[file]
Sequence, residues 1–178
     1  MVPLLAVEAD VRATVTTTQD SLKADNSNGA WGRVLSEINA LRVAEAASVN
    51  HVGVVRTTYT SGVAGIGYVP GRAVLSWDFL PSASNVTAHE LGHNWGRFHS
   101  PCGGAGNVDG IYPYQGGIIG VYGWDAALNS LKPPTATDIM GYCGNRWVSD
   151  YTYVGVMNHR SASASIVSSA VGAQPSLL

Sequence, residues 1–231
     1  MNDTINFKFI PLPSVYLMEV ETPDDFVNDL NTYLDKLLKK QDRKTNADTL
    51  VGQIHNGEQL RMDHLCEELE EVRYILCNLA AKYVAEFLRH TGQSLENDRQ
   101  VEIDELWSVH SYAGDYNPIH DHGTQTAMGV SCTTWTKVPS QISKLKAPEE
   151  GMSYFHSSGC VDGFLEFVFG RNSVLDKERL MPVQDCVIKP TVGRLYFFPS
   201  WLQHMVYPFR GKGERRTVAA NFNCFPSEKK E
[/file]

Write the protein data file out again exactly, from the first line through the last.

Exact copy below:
Sequence, residues 1–178
     1  MVPLLAVEAD VRATVTTTQD SLKADNSNGA WGRVLSEINA LRVAEAASVN
    51  HVGVVRTTYT SGVAGIGYVP GRAVLSWDFL PSASNVTAHE LGHNWGRFHS
   101  PCGGAGNVDG IYPYQGGIIG VYGWDAALNS LKPPTATDIM GYCGNRWVSD
   151  YTYVGVMNHR SASASIVSSA VGAQPSLL

Sequence, residues 1–231
     1  MNDTINFKFI PLPSVYLMEV ETPDDFVNDL NTYLDKLLKK QDRKTNADTL
    51  VGQIHNGEQL RMDHLCEELE EVRYILCNLA AKYVAEFLRH TGQSLENDRQ
   101  VEIDELWSVH SYAGDYNPIH DHGTQTAMGV SCTTWTKVPS QISKLKAPEE
   151  GMSYFHSSGC VDGFLEFVFG RNSVLDKERL MPVQDCVIKP TVGRLYFFPS
   201  WLQHMVYPFR GKGERRTVAA NFNCFPSEKK E